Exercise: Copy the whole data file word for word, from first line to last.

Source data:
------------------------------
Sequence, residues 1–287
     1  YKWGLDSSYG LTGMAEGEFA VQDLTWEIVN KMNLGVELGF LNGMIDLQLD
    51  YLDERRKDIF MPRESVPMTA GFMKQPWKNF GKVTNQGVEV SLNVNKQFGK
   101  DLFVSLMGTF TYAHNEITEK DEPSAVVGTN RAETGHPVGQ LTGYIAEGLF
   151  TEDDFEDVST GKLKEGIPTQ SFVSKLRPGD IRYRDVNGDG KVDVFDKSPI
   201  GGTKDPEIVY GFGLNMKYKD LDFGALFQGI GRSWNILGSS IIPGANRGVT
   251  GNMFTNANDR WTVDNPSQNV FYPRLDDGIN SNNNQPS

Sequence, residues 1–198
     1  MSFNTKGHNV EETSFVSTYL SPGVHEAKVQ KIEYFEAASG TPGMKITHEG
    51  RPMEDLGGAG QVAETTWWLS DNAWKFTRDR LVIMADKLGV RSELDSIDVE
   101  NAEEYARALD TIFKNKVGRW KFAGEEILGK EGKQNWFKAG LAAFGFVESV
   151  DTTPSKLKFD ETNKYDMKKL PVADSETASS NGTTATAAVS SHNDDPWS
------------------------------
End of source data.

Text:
Sequence, residues 1–287
     1  YKWGLDSSYG LTGMAEGEFA VQDLTWEIVN KMNLGVELGF LNGMIDLQLD
    51  YLDERRKDIF MPRESVPMTA GFMKQPWKNF GKVTNQGVEV SLNVNKQFGK
   101  DLFVSLMGTF TYAHNEITEK DEPSAVVGTN RAETGHPVGQ LTGYIAEGLF
   151  TEDDFEDVST GKLKEGIPTQ SFVSKLRPGD IRYRDVNGDG KVDVFDKSPI
   201  GGTKDPEIVY GFGLNMKYKD LDFGALFQGI GRSWNILGSS IIPGANRGVT
   251  GNMFTNANDR WTVDNPSQNV FYPRLDDGIN SNNNQPS

Sequence, residues 1–198
     1  MSFNTKGHNV EETSFVSTYL SPGVHEAKVQ KIEYFEAASG TPGMKITHEG
    51  RPMEDLGGAG QVAETTWWLS DNAWKFTRDR LVIMADKLGV RSELDSIDVE
   101  NAEEYARALD TIFKNKVGRW KFAGEEILGK EGKQNWFKAG LAAFGFVESV
   151  DTTPSKLKFD ETNKYDMKKL PVADSETASS NGTTATAAVS SHNDDPWS